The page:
Simone Biles displayed immense fortitude, now is the time to change stigma surrounding mental health has to change - massive fortitude to walk away from most intense spotlight - mental toughness is a crucial component of sport
They do not come any tougher than Kenny Dalglish. Mentally or physically. Yet, 30 years ago he resigned as Liverpool manager. His team were reigning champions, top of the league and still in the FA Cup. Yet the Scot’s mental health was in shreds because of Hillsborough and its aftermath. Pictures from the press conference announcing his departure show a broken man.
There has been an outpouring of sympathy for Simone Biles after the American gymnast withdrew from the Tokyo Olympics to protect her mental wellbeing. The 24-year-old deserves the support. There are, of course, a minority of observers who questioned her tenacity, appetite, patriotism and courage. Mainly they are people who know very little about the pressures of top-class sport.
Dalglish bounced back and won the fourth of his titles as a manager with Blackburn Rovers. Biles, when she recovers her equilibrium, will no doubt add to her four Olympic and 19 World Championship gold medals. Even the very best experience difficult moments. And you do not have to look far in the sporting arena to find examples of people who suffer depression and emotional collapse.
Craig Johnston, one of Dalglish’s players, had a serious breakdown. The Australian overcame more barriers than most – he came to England as a teenager on a trial at Middlesbrough and was told to “f*** off” on his first day by Jack Charlton, the manager. The 15-year-old had three months before his scheduled flight home and could not bear to tell his parents, who had mortgaged their house to get him to England. He slept in a shed, worked on his game and ended up a European Cup winner. It seemed nothing could faze him.
The truth was different. The agony of being what he called “the worst player in the best team in the world” and an almost permanent substitute ended with him ripping a designer suit he was wearing to shreds and collapsing naked in tears in front of his wife. From the outside, athletes are living the dream. It is rare they let the public into their personal nightmares. It takes huge bravery to do what Biles did.
One Premier League player in the 2000s agreed to talk to a reporter about his own mental health problems and agreed that it would benefit those with similar issues around depression to go on the record about his feelings. At the last minute before publication, he changed his mind. Everybody involved understood why. The stigma might have hurt his career. Nearly 15 years later things should have moved on, with greater awareness of mental health concerns. Sadly, there are some who still see Biles as weak.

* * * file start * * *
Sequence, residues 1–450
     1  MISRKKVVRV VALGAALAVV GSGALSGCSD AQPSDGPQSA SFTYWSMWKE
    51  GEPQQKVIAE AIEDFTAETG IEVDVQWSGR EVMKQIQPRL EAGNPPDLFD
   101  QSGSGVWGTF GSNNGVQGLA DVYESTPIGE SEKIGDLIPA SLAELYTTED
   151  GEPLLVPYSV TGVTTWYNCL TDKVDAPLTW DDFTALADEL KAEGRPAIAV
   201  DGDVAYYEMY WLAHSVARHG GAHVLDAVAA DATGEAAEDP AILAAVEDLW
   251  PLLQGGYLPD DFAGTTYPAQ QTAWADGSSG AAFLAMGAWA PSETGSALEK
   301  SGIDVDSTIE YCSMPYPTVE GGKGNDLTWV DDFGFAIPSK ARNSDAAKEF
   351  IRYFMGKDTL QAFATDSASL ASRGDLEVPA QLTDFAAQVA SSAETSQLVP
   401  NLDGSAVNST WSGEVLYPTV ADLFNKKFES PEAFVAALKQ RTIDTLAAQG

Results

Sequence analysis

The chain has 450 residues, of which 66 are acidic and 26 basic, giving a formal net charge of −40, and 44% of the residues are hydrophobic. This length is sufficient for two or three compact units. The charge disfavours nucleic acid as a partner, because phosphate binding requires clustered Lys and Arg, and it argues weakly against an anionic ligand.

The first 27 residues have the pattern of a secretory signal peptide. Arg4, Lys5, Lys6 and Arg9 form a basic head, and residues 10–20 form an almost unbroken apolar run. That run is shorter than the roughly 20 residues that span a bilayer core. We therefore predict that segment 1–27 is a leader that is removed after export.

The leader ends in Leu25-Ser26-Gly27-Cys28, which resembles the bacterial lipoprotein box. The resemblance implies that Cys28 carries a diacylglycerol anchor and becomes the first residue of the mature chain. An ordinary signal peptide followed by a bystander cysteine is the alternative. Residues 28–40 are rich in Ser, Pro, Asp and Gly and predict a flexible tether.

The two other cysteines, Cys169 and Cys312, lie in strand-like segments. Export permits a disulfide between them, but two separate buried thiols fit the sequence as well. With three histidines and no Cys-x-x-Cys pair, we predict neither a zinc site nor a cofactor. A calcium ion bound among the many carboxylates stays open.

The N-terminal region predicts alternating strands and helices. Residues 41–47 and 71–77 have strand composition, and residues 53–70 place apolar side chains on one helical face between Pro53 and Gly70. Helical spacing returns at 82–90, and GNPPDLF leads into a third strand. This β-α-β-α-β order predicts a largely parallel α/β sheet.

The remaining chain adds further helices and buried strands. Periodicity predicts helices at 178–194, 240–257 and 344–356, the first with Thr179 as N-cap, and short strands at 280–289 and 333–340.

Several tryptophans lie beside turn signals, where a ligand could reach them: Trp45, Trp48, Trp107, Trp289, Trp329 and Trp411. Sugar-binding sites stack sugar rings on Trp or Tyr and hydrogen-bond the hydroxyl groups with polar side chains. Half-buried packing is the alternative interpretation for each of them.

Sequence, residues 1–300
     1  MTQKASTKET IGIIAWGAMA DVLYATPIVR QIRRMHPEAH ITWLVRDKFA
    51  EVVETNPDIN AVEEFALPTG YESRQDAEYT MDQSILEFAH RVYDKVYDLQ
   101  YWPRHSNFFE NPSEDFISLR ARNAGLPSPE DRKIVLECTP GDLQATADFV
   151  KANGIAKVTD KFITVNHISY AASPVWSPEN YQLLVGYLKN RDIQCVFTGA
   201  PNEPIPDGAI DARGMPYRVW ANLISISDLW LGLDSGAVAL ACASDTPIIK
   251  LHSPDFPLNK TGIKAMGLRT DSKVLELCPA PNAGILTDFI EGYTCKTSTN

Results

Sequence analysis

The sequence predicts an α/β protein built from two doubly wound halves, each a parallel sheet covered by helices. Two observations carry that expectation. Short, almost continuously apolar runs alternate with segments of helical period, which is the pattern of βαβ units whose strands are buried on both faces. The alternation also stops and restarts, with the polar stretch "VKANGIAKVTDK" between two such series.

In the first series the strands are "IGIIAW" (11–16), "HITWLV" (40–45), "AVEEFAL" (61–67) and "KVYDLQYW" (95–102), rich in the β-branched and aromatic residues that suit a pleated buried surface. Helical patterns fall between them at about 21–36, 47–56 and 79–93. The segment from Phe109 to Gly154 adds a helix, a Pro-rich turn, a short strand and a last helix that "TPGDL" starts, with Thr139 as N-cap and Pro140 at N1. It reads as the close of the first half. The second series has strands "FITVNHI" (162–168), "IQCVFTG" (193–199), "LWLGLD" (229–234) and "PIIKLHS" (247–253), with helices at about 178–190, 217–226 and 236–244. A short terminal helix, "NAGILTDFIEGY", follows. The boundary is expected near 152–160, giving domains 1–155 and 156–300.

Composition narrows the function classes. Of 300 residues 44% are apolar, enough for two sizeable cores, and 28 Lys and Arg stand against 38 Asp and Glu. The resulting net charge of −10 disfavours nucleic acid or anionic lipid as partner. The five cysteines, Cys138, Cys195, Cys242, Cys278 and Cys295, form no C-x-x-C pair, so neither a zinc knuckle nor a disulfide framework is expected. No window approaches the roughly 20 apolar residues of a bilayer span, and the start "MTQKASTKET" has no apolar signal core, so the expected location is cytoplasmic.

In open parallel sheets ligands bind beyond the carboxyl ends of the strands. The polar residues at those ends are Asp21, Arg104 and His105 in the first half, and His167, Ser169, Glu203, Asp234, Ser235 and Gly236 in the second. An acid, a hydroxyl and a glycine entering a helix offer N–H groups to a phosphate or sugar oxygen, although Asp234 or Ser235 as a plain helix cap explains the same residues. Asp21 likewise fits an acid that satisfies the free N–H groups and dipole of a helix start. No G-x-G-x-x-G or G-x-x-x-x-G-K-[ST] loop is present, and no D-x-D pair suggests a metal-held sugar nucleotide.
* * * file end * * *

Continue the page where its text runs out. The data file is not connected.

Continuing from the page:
Stories abound. One manager had his career defined by his experience as a player, when his boss at the time ignored squad members who were out of favour. His friends and family thought he had the best job in the world but the young footballer hated going to work every day and went into a deep psychological trough. He vowed to do things differently when he became a manager. He has been true to his word.
Jamie Carragher is not alone in talking about how he barely enjoyed his successes because of his terror of losing his place in the team. Athletes frequently live on the edge. Only the very best can feel secure on a day-to-day basis. That’s before taking into account potential injuries and the stresses that everyone has to contend with in their personal life.
Some cannot articulate what brings them to breaking point in the same manner as Biles. One of boxing’s most memorable incidents was Roberto Duran’s ‘No Mas’ moment against Sugar Ray Leonard in 1980. ‘Hands of Stone’ quit unexpectedly in round eight. He was uninjured and was unable to cope with Leonard’s taunting. Even now he cannot fully explain what went through his mind. He fought back – literally – to become World Champion again but the trite concept that he somehow ‘chickened out’ dogged him for years.
It takes massive fortitude to walk away when the spotlight is at its most intense. Biles is to be applauded. Many would have continued and underperformed, a dangerous policy in a discipline where “the twisties” – a gymnastic version of golf’s “yips” – can lead to serious injury. In most sports an athlete can hide a little, have a poor day and regroup afterwards. Gymnasts like Biles risk suffering life-changing physical injuries if they try to pretend all is well and continue to compete.
Mental toughness is a crucial component in sport. Biles has proved hers over and over again. Psychological health is a completely different issue. No one, even the strongest and the greatest, is immune from one of humanity’s most insidious conditions, whatever the idiots say.
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